Published October 15, 2012
Coming off what was the worst for equities since June, stocks will be looking to rebound this week. There will be no shortage of catalysts as the earnings parade that started with a trickle last week kicks into high gear this week. With the three major U.S. indexes each shedding more than two percent last week, earnings reports and guidance could be just the tonic beleaguered bulls are looking for. Or those catalysts could provide the bears with some more ammunition.
There is practically no refuge from the earning deluge this week as Citigroup (C) gets the party started before the bell with Wynn Resorts (WYNN) following after the close. Six members of the Dow Jones Industrial Average also report this week. With that, here is a look at some of the ETFs that will be in play throughout the week.
Financial Select Sector SPDR (XLF)
This cannot be encouraging. "This" being solid earnings reports from marquee XLF constituents J.P. Morgan Chase (JPM) and Wells Fargo (WFC) last Friday were not enough to prevent the ETF from falling almost 1.4 percent.
XLF now finds itself testing a critical support area and with a significant chunk of the ETF's weight reporting this week, that area could be violated. If that happens, the ETF needs to fund support at the 50-day moving average, which is around $15.50, or risk further declines.
Market Vectors Gold Miners ETF (GDX)
It was only a few weeks that traders were cheering the fact that gold miners were finally participating in bullion's upside. With enthusiasm for the third round of quantitative easing all but dead, precious metals look vulnerable here. Combine that with what is turning out to be a glum month for equities, which populate GDX, and this ETF is starting to look vulnerable again. Cope with that situation with the Direxion Daily Gold Miners Bear 3X Shares (DUST).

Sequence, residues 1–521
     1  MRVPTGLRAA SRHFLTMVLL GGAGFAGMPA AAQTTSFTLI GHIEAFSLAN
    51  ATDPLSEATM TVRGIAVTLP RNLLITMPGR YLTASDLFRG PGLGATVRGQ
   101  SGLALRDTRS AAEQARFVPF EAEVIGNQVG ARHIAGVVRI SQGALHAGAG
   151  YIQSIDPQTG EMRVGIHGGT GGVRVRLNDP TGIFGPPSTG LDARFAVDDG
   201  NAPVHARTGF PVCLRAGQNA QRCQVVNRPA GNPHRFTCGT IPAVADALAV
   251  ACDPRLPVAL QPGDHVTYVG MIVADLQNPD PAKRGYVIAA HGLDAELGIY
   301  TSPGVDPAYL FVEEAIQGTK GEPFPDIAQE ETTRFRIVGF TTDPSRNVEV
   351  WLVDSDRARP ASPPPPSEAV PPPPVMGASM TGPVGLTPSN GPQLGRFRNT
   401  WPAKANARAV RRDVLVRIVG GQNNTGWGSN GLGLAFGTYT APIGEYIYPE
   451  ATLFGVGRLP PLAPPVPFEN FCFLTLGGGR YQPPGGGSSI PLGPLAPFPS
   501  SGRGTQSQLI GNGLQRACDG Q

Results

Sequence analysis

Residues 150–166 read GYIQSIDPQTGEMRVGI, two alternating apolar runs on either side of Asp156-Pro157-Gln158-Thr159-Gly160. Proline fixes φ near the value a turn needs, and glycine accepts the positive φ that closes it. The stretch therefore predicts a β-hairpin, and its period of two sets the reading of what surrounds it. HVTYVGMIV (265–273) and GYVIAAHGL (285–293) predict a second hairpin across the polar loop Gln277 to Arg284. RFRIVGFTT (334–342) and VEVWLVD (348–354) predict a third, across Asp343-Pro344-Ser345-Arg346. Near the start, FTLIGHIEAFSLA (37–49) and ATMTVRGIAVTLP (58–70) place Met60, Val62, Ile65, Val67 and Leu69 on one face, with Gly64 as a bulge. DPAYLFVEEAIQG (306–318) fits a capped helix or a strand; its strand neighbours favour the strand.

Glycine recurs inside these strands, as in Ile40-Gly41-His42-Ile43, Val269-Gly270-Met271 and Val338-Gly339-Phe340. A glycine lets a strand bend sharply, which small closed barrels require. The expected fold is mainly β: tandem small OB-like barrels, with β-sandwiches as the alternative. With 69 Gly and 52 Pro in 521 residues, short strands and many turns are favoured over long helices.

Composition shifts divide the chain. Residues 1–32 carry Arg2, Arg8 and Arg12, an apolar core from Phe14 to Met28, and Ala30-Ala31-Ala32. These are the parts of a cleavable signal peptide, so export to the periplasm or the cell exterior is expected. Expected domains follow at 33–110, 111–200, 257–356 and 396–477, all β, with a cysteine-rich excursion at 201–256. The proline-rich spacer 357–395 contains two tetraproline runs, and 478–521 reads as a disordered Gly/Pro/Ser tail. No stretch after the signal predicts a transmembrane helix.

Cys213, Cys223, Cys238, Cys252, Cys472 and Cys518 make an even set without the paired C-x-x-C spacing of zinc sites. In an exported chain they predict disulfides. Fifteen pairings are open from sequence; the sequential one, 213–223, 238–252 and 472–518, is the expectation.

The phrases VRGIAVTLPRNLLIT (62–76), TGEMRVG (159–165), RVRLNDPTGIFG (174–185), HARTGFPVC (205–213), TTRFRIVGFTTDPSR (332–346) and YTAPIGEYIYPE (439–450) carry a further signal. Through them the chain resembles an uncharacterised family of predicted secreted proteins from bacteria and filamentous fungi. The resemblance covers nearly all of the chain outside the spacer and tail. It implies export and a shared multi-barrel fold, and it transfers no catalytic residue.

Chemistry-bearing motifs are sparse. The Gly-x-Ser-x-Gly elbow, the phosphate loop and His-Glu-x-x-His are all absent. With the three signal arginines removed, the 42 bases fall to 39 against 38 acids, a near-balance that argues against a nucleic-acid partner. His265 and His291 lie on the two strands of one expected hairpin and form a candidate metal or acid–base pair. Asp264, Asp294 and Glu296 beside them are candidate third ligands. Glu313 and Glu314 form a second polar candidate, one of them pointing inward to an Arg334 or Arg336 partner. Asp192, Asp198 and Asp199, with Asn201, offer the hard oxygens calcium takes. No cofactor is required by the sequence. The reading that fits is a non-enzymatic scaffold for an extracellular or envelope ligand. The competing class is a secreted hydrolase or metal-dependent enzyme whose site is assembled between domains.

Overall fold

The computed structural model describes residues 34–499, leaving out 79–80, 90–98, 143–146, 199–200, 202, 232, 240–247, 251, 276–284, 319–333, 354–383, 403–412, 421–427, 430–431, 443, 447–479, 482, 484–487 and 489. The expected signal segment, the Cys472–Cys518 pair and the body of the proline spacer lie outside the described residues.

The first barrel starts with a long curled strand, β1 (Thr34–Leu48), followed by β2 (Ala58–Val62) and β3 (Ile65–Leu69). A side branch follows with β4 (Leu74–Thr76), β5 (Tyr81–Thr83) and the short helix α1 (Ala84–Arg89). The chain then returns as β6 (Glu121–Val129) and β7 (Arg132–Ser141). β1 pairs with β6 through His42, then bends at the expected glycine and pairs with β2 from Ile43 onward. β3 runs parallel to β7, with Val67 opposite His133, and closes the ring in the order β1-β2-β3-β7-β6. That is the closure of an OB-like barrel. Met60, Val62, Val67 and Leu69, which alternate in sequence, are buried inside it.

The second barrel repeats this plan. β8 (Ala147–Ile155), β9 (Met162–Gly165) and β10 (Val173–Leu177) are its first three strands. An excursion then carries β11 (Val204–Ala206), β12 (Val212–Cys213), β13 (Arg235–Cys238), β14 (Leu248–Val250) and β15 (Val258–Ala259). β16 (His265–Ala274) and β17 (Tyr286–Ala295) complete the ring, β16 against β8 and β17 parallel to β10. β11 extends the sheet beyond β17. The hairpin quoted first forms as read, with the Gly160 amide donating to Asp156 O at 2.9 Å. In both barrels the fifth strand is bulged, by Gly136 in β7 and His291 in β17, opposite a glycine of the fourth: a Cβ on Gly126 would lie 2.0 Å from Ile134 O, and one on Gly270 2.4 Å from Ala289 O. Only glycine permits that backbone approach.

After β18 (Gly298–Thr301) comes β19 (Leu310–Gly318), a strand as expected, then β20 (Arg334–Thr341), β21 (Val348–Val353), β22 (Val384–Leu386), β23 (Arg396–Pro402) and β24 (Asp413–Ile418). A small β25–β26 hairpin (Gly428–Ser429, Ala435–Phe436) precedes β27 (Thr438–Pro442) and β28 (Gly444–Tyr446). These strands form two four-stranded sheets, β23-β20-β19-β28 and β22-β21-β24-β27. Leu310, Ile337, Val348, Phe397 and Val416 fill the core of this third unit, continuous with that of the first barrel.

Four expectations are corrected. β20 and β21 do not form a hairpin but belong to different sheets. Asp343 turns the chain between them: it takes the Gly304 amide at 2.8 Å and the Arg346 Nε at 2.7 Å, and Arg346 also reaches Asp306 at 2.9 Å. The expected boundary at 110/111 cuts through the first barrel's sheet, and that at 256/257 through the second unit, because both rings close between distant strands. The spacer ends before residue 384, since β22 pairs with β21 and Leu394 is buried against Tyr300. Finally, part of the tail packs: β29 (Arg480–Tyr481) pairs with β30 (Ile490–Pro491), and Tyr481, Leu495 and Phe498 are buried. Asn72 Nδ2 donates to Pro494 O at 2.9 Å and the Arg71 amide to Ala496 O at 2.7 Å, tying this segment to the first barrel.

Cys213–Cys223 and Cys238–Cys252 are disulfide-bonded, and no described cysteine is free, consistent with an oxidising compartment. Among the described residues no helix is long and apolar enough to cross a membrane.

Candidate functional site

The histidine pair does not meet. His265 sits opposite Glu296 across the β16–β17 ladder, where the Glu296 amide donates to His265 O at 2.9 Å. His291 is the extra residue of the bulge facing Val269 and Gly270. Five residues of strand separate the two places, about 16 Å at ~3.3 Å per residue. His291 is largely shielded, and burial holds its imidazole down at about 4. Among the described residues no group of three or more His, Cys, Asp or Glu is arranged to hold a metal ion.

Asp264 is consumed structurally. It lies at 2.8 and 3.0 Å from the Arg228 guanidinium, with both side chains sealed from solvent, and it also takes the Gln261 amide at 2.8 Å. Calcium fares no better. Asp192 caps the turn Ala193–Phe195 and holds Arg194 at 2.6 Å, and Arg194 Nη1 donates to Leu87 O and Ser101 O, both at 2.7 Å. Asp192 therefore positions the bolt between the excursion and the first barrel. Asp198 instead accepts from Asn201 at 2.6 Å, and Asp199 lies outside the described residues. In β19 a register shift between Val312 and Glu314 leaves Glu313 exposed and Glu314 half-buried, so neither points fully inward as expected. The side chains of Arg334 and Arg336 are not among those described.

Market Vectors Oil Services ETF (OIH)
Nearly 36 percent of OIH's weight reports this week when Halliburton (HAL), Schlumberger (SLB) and Baker Hughes (BHI) step into the earnings confessional. Rarely are the previous quarter's results as important as what oil services companies say in terms of outlook. With natural gas prices perking up recently, investors may have little tolerance for negative comments from OIH constituents regarding profits at North American shale plays.
The excuse is no longer valid, particularly because oil production at U.S. shale fields is rising. That should be good news for the aforementioned trio and most of OIH's lineup.
WisdomTree Dividend ex-Financials Fund (DTN)
With financials look vulnerable, the recent pullback in the WisdomTree Dividend ex-Financials Fund could represent a buying opportunity for longer-term investors looking to bolster their income streams. The ex-financials theme helps lower DTN's beta and volatility, but that does not mean the ETF is perfect. Utilities and telecommunications names combine for over 24 percent of the ETF's weight and a case can be made that valuations on those sectors are getting a tad rich.
In its favor, DTN has a 30-day SEC yield of 3.8 percent, pays a monthly dividend (an unheralded feature of this ETF) and is usually less bad than the S&P 500 when the broad market index declines.
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